TEACHER FRIENDSHIP: If you have a favorite former teacher that you can talk to one on one- that can be beneficial. Remember that all teachers do confide to each other- so DO NOT tear down your new teacher as mean or unfair. If you are having a hard time with your new teacher, your “teacher friend” MAY let you know that the new teacher has personal issues (sick child/spouse or death in family) or just the new school year assertiveness that all teachers are known for. Just be patient and give the new teacher time to know you. WARNING: Do not expect your “teacher friend” to bail you out of trouble- so behave yourself!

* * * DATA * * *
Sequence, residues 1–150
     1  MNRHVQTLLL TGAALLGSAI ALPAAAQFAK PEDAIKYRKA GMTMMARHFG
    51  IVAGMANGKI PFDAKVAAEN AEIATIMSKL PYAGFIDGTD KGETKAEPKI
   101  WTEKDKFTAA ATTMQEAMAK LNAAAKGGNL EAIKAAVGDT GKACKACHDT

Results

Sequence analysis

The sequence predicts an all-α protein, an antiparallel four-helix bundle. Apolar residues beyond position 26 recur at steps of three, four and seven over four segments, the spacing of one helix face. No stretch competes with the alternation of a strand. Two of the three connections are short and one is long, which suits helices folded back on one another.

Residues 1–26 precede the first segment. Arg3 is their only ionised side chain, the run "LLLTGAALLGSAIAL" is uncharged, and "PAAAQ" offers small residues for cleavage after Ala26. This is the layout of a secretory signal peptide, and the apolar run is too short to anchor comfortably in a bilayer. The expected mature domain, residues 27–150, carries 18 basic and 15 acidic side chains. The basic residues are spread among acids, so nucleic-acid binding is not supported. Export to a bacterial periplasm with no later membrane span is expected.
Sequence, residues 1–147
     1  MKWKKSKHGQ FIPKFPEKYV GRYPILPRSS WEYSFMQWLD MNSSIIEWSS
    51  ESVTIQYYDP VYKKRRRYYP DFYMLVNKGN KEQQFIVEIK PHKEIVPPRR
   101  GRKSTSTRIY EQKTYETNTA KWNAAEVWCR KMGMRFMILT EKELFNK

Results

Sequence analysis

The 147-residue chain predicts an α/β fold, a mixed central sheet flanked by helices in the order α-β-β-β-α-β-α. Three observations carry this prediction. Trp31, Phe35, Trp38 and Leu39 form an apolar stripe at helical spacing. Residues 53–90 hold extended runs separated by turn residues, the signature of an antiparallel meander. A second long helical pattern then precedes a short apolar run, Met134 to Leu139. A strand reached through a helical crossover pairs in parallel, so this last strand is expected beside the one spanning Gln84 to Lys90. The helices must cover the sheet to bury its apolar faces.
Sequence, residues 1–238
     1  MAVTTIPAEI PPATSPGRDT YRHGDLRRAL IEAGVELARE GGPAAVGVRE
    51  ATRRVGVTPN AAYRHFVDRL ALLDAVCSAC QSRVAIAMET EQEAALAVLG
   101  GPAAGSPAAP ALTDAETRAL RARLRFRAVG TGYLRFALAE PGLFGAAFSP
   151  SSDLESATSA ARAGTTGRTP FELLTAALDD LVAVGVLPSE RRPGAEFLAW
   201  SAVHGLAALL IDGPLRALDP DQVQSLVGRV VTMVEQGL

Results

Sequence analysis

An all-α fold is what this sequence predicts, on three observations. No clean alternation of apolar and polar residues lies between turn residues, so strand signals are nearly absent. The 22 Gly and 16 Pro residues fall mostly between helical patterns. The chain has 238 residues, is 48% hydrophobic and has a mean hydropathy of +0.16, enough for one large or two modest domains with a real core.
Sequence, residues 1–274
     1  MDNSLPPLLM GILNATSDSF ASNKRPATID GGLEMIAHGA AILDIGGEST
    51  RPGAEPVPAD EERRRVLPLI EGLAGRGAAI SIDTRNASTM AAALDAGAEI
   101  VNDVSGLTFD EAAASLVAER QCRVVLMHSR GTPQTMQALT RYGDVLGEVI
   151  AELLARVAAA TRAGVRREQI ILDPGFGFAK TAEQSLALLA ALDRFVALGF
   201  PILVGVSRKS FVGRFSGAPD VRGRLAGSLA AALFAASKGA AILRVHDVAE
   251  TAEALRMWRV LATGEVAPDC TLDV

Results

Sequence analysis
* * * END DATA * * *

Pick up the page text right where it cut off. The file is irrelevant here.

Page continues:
WHEN IN TROUBLE: If you are in touble for something in which you were caught “red handed”, the first thing is to own up to what you did. Forget the excuses, alibis, or “everyone else…” because teachers have heard it all before. A contrite persona will result in less severe consequences than a rebellious front- every time. Lastly, if you have been warned repeatedly about a paddling “the next time” and the paddle comes out- just remember-you put yourself in that position and the teacher is doing what he/she dislikes the most. With a submissive resignation, the paddling may be lighter than otherwise-the teacher wants to teach you-not paddle you!